A settlement in a legal matter often simply means that neither side has a solid gold case, nor meeting in the middle can resolve the differences and end the dispute easily. Whether or not that is what happened between PartyGaming PLC and the United States Department of Justice is pure speculation, but the resulting settlement seems harsh – especially to the online gaming community – nonetheless, as PartyGaming has agreed to admit to providing illegal online gambling services to U.S. customers prior to 2006 and will pay $105 million in fines for the transgression.
PartyGaming thought it was being astute by withdrawing from the U.S. gaming market when the Unlawful Internet Gambling Enforcement Act (UIGEA) was passed in 2006. The publicly-traded company left millions of dollars of annual revenue behind to escape any future wrath of a Bush administration law. But the U.S. Department of Justice went after PartyGaming anyway, looking to prosecute the company and its executives for the services they provided to U.S. customers prior to their departure.
The case was several years in the making, and it was in 2008 that PartyGaming co-founder Anurag Dikshit took the first step in admitting guilt by making just such a plea and agreeing to pay a $300 million fine. While PartyGaming tried to separate from that decision, it did indicate that its own was on the horizon shortly after the release of its annual earnings in March 2009. And one month later, the plea was announced. In exchange for a reprieve from criminal prosecution, PartyGaming admitted to “providing internet gambling services to customers in the U.S. prior to the enactment of the Unlawful Internet Gambling Enforcement Act (UIGEA) on 13 October 2006.” Further, it states that the company used third-party transaction processors, which was “contrary to certain U.S. laws.” The corresponding fine of $105 million will be payable in semi-annual installments through September of 2012.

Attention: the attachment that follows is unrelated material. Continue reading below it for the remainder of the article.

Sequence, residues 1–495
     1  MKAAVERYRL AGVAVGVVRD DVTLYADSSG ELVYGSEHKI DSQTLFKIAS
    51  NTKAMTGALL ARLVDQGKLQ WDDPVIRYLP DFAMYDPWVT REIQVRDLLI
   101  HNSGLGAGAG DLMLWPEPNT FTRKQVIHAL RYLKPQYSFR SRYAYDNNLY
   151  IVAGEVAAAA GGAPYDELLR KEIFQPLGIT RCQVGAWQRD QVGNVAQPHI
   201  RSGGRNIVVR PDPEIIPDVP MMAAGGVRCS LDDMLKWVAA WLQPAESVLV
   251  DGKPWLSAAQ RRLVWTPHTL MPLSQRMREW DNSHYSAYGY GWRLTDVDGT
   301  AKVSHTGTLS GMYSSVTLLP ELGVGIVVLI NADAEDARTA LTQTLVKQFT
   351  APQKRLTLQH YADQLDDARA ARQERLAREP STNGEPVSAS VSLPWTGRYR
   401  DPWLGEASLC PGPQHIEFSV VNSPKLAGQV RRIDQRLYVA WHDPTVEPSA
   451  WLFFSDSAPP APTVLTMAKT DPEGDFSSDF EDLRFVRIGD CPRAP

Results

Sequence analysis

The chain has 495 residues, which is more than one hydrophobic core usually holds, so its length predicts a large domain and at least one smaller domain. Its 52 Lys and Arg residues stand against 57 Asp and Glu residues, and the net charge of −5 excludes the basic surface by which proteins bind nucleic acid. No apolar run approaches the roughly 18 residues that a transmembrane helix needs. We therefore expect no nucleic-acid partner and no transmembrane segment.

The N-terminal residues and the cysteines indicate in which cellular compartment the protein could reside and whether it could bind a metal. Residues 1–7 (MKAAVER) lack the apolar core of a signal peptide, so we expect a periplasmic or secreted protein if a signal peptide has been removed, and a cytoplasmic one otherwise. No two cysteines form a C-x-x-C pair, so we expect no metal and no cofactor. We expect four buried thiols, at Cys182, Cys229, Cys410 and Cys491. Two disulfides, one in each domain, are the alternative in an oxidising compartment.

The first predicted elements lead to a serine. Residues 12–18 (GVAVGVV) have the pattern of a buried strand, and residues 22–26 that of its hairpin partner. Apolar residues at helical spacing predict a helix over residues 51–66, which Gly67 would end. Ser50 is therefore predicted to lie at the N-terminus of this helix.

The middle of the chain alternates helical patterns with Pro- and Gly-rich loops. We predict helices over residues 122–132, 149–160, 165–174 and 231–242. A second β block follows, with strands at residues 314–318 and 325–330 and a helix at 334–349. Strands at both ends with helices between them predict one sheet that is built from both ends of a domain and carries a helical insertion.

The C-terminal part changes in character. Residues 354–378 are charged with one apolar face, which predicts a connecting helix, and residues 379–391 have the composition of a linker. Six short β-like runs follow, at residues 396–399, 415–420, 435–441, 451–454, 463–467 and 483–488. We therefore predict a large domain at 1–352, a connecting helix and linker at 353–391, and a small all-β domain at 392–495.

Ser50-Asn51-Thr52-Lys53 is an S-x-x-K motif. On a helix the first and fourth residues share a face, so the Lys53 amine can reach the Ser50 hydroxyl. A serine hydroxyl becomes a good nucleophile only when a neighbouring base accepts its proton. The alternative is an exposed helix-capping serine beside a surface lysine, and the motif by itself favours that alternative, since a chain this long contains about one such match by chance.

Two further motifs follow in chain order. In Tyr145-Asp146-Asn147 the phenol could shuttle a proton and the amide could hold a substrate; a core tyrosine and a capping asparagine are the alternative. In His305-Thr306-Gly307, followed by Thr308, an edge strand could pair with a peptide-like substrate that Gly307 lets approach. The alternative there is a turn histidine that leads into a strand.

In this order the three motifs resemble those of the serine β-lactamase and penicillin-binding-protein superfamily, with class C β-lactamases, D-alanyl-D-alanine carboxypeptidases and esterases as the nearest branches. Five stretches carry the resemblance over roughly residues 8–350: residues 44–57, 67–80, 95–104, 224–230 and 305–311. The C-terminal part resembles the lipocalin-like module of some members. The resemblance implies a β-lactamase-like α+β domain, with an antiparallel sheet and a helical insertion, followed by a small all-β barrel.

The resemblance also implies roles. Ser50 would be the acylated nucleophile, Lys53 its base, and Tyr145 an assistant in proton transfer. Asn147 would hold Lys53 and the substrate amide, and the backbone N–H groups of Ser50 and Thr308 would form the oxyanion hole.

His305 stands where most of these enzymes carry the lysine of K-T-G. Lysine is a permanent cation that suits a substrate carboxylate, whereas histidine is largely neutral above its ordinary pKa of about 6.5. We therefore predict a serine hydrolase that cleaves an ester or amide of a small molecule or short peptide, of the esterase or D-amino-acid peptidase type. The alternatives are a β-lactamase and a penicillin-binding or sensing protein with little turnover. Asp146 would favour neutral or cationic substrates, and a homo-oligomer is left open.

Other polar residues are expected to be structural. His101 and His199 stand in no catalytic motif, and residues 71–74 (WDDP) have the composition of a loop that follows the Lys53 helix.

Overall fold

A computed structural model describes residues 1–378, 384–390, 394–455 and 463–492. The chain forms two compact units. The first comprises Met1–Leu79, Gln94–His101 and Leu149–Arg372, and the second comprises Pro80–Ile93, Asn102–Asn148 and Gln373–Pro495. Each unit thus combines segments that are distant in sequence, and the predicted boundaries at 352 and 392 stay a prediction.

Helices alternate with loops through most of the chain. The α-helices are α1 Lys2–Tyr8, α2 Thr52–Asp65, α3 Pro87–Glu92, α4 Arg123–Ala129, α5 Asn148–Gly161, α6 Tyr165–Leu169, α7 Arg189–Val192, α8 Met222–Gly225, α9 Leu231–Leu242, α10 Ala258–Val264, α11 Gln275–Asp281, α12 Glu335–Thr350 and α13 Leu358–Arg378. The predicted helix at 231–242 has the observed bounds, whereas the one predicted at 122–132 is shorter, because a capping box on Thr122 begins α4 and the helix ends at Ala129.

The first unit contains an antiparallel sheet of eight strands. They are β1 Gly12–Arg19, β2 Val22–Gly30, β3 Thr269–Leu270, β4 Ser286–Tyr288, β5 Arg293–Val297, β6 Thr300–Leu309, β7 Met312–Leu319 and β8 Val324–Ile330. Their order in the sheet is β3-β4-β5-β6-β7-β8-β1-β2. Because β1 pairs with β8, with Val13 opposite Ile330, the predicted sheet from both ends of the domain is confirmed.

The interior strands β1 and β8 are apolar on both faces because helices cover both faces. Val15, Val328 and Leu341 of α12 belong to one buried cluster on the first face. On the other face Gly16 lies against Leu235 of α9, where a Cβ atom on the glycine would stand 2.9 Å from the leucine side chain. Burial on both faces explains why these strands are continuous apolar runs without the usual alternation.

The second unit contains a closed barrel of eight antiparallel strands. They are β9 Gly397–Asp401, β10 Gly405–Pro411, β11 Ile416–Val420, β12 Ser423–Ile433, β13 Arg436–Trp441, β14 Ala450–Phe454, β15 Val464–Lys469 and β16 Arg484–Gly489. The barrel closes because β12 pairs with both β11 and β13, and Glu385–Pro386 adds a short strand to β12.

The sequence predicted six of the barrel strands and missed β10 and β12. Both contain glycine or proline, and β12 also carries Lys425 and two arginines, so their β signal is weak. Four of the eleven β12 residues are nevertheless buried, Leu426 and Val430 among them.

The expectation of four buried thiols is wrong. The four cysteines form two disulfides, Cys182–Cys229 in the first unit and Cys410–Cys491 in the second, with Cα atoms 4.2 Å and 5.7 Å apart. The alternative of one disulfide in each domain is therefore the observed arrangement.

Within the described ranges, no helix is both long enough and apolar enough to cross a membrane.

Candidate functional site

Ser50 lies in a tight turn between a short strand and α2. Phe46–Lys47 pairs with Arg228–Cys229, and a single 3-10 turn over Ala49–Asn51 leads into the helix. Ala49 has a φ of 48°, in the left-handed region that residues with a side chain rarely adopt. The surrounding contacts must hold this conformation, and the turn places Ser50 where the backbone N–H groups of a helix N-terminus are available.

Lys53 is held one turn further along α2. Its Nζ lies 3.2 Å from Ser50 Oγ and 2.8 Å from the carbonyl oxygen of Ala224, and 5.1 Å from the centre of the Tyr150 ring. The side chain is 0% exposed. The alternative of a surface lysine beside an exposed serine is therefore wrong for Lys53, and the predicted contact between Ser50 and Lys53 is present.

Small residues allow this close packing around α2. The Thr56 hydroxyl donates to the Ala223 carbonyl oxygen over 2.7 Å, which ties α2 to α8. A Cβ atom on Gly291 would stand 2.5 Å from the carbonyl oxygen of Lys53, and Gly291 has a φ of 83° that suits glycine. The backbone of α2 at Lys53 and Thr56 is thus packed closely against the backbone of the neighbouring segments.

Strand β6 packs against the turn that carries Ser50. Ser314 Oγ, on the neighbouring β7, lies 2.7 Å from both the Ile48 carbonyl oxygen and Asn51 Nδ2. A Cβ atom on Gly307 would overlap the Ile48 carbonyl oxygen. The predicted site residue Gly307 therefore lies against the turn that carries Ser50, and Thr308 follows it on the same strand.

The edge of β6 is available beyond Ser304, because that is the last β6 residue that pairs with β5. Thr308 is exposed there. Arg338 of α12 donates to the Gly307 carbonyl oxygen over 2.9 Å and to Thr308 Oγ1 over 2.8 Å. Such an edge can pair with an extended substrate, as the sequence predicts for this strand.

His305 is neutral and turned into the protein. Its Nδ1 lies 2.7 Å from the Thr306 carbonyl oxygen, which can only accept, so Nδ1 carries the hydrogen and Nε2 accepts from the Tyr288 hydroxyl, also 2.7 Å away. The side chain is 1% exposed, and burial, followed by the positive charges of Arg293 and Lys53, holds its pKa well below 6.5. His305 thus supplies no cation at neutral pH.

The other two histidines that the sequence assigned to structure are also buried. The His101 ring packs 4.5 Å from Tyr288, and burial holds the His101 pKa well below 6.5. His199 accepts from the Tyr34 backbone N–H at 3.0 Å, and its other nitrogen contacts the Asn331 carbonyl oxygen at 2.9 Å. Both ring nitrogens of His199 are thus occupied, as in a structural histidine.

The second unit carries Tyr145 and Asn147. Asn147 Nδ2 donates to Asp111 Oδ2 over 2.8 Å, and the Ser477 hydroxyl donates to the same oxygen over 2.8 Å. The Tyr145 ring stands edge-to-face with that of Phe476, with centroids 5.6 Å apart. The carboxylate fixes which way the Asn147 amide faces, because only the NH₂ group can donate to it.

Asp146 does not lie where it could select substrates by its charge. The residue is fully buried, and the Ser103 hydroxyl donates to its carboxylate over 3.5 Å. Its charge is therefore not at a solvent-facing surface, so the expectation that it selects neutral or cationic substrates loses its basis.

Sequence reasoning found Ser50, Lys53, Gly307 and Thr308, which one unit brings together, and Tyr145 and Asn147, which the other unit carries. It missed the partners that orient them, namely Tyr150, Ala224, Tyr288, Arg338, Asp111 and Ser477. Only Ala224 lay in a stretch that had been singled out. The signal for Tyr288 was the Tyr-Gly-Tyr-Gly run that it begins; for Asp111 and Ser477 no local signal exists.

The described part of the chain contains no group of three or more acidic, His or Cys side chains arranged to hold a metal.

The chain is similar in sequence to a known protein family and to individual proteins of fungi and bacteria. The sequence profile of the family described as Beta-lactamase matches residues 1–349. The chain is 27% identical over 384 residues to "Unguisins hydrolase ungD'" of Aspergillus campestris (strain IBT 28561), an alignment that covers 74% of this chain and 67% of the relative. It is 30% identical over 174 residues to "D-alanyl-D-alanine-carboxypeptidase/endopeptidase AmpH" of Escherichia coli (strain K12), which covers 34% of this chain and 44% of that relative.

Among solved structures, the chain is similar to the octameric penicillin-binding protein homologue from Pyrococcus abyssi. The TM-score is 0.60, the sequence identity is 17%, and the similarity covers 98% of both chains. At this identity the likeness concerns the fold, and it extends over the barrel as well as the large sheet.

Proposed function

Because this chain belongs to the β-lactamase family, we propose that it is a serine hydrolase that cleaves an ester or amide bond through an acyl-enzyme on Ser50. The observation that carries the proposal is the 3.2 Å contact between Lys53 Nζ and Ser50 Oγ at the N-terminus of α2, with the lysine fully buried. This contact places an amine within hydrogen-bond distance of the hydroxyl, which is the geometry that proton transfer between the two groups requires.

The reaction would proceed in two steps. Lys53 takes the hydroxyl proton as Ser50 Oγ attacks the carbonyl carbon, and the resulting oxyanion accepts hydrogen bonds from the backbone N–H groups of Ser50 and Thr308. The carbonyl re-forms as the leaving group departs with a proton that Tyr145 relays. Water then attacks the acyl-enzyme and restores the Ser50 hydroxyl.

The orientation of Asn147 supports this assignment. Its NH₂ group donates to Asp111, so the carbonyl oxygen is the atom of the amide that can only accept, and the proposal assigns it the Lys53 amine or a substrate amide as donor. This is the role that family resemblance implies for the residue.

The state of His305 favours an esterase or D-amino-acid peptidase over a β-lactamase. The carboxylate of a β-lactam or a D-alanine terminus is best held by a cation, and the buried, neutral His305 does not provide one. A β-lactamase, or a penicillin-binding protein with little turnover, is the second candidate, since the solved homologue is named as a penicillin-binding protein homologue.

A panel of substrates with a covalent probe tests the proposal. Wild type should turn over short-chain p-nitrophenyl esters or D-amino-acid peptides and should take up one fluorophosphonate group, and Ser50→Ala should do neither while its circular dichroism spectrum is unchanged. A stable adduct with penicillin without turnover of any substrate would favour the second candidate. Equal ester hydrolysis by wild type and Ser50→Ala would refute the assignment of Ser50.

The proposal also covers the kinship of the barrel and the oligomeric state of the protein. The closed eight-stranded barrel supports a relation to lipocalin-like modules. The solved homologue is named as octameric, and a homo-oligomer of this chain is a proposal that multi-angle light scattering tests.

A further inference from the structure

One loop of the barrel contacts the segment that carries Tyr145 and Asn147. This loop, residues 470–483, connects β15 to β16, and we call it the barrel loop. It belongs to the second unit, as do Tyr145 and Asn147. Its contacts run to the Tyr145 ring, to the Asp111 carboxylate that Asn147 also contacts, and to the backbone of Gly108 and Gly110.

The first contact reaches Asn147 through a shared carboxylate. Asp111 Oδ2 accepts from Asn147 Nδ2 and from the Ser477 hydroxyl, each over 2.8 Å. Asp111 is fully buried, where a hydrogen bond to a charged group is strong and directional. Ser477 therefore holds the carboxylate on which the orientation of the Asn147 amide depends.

In a company-released statement, PartyGaming CEO Jim Ryan stated, “The resolution of our position with the U.S. authorities marks an important day for PartyGaming. It has been a long and complex process but we have reached an amicable solution with the USAO [U.S. Attorney’s Office] that makes commercial sense for our business and is in the best interests of shareholders. We are now well-placed to seize organic as well as strategic opportunities that previously were beyond our reach.”
In the eyes of PartyGaming, the settlement clears its company name with U.S. authorities, despite the admission of law-breaking, for most positive relations in the future. As hinted by the company’s finance director last month, PartyGaming is “reasonably optimistic” that online gaming may become legal and regulated in the United States in the coming months and years, in which case the company is poised for a return to the multi-million dollar market.